At least four people have been shot dead and hundreds of others wounded after Sudan’s security forces clashed with thousands of anti-coup protesters in the African country’s major cities, including capital Khartoum and Omdurman.
Tens of thousands of anti-coup protesters filled the streets in Khartoum and its twin city Omdurman on Thursday, chanting “No to military rule” as they rallied demanding a transition to a civilian government.
They also shouted “The revolution continues,” beating drums and waving flags.
Sudanese troops, police and paramilitary units clashed with protesters with tear gas canisters and live rounds.
The Central Committee of Sudanese Doctors said four protesters were shot dead by security forces, at least three of them in Omdurman.
The brutal crackdown also injured 235 others, several of them with live bullets, the committee said.
More than two years ago, massive anti-government demonstrations hit Sudan, mostly over economy. The protesters, youths for a large part, demanded the resignation of then President Omar al-Bashir.
Bashir was ultimately deposed through a military coup in April 2019, after ruling over the country for three decades. In August the same year, a transitional civilian-military administration was founded to run the country.
However, a military coup led by Sudan's military chief and de facto leader Abdel Fattah al-Burhan was staged on October 25 that dissolved the fragile government. Prime Minister Abdalla Hamdok was detained and put under house arrest in a move that infuriated the Sudanese and sparked international outcry, including from the UN Security Council. Other civilian leaders were also held in military detention.
The ensuing crackdown against anti-coup protesters has left 49 people dead and hundreds wounded since October 25, according to the Central Committee of Sudanese Doctors.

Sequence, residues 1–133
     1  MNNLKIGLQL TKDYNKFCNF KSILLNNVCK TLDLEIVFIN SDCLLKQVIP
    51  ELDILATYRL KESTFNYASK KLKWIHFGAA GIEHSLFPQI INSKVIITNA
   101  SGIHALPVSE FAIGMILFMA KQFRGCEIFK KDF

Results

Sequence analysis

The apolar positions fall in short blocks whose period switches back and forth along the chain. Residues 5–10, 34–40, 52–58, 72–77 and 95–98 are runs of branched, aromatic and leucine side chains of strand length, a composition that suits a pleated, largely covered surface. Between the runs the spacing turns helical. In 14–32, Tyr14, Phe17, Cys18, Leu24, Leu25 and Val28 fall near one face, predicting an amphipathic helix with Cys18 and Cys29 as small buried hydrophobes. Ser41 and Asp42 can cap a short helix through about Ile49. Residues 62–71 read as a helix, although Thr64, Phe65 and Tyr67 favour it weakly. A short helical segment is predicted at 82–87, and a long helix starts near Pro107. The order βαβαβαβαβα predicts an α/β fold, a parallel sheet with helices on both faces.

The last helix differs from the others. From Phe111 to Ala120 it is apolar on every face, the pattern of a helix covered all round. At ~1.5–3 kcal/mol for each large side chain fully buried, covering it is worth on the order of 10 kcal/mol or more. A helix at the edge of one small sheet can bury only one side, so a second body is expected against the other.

Hamdok was later released and on November 21 signed a power-sharing deal with the Burhan-led junta, according to which Hamdok would continue his career as prime minister, all political prisoners detained during the coup would be released, and a 2019 constitutional declaration would be the basis for a political transition. According to the deal, July 2023 has been set as the date for Sudan's first free elections since 1986.
The Sudanese Professionals Association (SPA), however, has completely rejected the deal, lambasting it as being “treacherous”. Pro-democracy SPA is an umbrella of 17 different unions that were instrumental in the months-long demonstrations that led to the ousting of Bashir.
Protest rallies against the coup have continued even after the reinstatement of Hamdok, with demonstrators demanding no military involvement at all in government.
They say the deal has simply given a cloak of legitimacy to the generals, who they accuse of trying to form an autocratic regime like the one led by ousted Bashir.
“Signing with the military was a mistake from the start,” one protester said on Thursday, accusing the generals of being “Bashir's men.”
Anti-coup protesters also on Thursday demanded that soldiers “go back to the barracks”, carrying those injured from inhalation of tear gas.
Similar protests were reported in Madani, south of Khartoum, and the cities of Kassala and Port Sudan in the east.
NetBlocks, a watchdog organization that monitors cybersecurity and the governance of the Internet, said that mobile internet services were cut from mid-morning on Thursday, restricting the ability of protesters to encourage supporters or to broadcast live footage of the demonstrations.
Thursday was the 11th day of major anti-coup rallies since an October 25.
Hamdok has so far defended the deal, saying he partnered with the military in an attempt to “stop the bloodshed” that resulted from crackdown on anti-coup street protests.